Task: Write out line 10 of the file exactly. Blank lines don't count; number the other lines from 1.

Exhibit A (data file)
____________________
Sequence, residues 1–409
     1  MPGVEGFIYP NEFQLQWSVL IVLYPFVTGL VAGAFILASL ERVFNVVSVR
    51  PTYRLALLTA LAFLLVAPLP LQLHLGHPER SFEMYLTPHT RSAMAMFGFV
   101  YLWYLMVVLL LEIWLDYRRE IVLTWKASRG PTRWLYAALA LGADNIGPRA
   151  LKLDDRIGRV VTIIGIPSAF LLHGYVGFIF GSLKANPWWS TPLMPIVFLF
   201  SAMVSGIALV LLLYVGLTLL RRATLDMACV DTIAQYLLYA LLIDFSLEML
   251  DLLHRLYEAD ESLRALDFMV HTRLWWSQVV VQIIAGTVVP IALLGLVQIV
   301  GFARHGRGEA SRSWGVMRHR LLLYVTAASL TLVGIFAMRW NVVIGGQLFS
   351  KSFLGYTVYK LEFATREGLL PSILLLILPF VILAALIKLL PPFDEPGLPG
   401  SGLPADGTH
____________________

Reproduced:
   401  SGLPADGTH